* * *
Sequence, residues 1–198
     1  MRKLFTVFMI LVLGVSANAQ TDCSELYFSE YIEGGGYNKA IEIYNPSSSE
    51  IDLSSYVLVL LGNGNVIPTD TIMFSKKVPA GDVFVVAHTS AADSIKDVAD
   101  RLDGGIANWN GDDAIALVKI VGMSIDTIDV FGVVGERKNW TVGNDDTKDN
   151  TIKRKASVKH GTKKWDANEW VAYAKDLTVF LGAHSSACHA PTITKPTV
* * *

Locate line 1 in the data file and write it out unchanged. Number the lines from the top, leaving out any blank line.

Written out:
Sequence, residues 1–198